A month and a half into their relationship, PI Niall Valentine and his occult shopkeeper boyfriend, Gus Goodwin, are hoping for a little time alone, but they’re thrown into another murder mystery.
Niall’s client, Angelina Talbot, is certain her new husband attempted to kill her, ambushing her in their bedroom, half-naked and covered in blood. Scared out of her mind, Angelina hit him with a lamp and ran away. Florian Talbot lies dead in the bedroom, his head smashed in with a lamp—but the door is locked from the inside. Is Angelina truly an unwitting murderer, or are more sinister forces at play?
With a family of eccentrics, borderline criminals, and Satanists, the real killer could be any number of people wandering the mansion that night under the cover of darkness. The entire Talbot clan thrives in secrecy. Still unfulfilled and utterly perplexed, Niall and Gus are tasked with shedding some much-needed light on the shadowy case.
In this second installment in the series, we’re back with Niall and Gus, who think life is going to settle down a little bit after their adventures in the first book. Well, they’re wrong. Niall has a new client named Angelina Talbot who will ensure that doesn’t happen.
Angelina comes to Niall with a story that intrigues him. A wealthy socialite, Angelina has recently married a man named Florian Talbot. He was charming and debonair, and he turned Angelina’s head. But once they were married, strange things happened. Florian wasn’t the loving man she expected. When Florian appeared at their bedside covered in blood and half naked with a bloody knife, looking like he was going to kill her, Angelina had finally had enough. She hit him over the head with a lamp and ran screaming from the mansion in only her underwear. On the way out she saw Florian’s bizarre family engaged in odd behaviors or just standing there looking at her run.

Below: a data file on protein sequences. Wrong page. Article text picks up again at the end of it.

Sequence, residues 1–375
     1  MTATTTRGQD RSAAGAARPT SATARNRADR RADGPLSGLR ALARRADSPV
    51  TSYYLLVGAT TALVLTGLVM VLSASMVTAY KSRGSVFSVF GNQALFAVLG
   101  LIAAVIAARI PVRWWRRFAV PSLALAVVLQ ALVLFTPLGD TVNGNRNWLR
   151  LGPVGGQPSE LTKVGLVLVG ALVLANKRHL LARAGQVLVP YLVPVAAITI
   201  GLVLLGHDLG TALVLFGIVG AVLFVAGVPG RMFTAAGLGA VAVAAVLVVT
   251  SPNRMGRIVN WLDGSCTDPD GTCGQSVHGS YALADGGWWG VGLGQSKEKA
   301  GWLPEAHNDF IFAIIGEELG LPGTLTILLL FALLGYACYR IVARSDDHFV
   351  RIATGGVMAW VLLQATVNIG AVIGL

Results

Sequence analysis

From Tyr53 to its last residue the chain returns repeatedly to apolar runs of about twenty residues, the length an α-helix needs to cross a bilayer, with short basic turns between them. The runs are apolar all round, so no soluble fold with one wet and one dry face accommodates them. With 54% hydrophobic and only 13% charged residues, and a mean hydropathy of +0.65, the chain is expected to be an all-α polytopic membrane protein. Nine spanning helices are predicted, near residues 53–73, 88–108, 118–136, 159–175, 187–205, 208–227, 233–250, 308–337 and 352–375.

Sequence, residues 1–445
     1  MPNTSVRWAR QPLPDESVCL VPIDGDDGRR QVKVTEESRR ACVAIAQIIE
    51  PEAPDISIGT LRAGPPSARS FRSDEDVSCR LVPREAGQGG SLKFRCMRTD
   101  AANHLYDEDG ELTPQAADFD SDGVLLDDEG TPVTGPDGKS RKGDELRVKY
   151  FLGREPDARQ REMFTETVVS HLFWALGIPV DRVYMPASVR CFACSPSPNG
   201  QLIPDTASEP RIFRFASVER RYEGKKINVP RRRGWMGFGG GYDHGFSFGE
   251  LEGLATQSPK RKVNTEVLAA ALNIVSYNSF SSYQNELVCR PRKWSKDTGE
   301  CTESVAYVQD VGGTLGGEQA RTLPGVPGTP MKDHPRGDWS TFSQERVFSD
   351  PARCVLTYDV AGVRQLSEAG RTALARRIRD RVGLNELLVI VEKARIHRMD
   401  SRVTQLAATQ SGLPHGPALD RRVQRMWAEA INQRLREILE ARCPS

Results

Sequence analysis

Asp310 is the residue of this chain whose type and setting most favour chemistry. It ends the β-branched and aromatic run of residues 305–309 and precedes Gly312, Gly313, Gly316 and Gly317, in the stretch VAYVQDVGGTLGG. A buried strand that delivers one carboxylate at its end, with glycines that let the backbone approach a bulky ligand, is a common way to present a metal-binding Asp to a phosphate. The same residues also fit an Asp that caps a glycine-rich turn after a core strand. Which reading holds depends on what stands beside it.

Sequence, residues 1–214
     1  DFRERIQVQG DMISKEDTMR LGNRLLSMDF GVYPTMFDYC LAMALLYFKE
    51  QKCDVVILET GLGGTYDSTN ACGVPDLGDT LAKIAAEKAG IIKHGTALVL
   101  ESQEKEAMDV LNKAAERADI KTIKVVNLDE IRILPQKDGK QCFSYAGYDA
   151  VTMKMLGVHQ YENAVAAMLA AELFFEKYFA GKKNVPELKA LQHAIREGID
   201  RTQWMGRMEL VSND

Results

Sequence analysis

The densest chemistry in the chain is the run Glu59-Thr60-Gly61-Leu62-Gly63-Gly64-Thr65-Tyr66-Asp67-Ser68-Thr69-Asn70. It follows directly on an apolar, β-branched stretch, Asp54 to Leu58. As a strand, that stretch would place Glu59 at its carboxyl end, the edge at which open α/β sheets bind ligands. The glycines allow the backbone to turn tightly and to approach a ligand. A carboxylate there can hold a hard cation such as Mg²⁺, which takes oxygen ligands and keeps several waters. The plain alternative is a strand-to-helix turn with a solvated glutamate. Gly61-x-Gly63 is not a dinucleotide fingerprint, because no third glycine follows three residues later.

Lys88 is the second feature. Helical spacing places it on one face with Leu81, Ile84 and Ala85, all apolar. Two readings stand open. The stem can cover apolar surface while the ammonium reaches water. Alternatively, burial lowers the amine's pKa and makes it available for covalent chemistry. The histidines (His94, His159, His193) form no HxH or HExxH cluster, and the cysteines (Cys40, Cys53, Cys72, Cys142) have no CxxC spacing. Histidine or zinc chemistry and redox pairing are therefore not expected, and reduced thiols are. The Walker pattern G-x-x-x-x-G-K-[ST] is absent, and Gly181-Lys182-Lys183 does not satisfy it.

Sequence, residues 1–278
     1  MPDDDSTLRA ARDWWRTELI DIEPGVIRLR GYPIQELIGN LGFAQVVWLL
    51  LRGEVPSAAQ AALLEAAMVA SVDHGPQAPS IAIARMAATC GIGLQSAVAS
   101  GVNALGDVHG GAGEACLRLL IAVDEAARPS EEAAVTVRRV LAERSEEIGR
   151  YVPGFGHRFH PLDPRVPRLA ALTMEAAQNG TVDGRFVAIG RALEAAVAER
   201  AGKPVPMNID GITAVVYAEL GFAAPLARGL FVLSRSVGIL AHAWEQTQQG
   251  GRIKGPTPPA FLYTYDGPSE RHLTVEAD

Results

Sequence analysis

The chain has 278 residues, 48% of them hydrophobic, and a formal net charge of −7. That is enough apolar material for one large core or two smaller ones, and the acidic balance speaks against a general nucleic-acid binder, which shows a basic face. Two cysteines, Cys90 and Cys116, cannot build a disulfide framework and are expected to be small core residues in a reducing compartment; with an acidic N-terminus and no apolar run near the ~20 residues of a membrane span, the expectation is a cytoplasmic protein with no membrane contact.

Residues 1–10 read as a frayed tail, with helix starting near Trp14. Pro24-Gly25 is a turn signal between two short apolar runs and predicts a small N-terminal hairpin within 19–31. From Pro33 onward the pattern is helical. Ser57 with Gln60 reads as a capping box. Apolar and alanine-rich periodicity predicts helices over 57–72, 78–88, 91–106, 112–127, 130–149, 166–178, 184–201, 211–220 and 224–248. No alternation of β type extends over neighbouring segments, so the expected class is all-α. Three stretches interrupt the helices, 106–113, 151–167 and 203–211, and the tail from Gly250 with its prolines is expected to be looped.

Now she has come to Niall for help. She called the police when she ran, accusing her husband of nefarious deeds, but when the police showed up, Florian answered the door completely clothed and there was no sign of any blood, or even the broken lamp Angelina said she hit him with. But now Florian has been found dead, that same night, his skull crushed by a lamp. And he is in their bedroom with a locked door. Something doesn’t add up.
Niall accepts the case, but there might be more to it than he knows. It turns out Wiccans aren’t the only magic users in the area. Florian and his family are Satanists. What have Niall and Gus gotten into this time?
This was a good read. If you’re into a mystery with Wiccans and Satan worshipers it might be for you. I would call this one at 3.0 “It Was Good / Average”
TITLE: Fireworks & Wildcards
LENGTH: 210 Pages
RELEASE DATE: June 1, 2015
When Gus Goodwin’s friend and mentor, Juliette Hayes, asks him to find out who’s stealing small sums from the cashbox of her Moonlight Haven Coven, Gus agrees. What’s the worst that could happen? They catch a small-time thief and, with any luck, retrieve a few bucks. Gus enlists the help of his boyfriend, PI Niall Valentine, and Niall’s retired police officer father, Owain, to go undercover and solve the mystery.
On the night of the next full moon ritual, however, the coven is struck with a fatal blow.
Now Gus and Niall face more than a murder mystery. The coven is torn apart, and along comes an eccentric psychic and Tarot master—plus a familiar face both Gus and Niall had hoped was long gone. As fireworks ignite and wild cards are spread, Gus and Niall have their work cut out for them.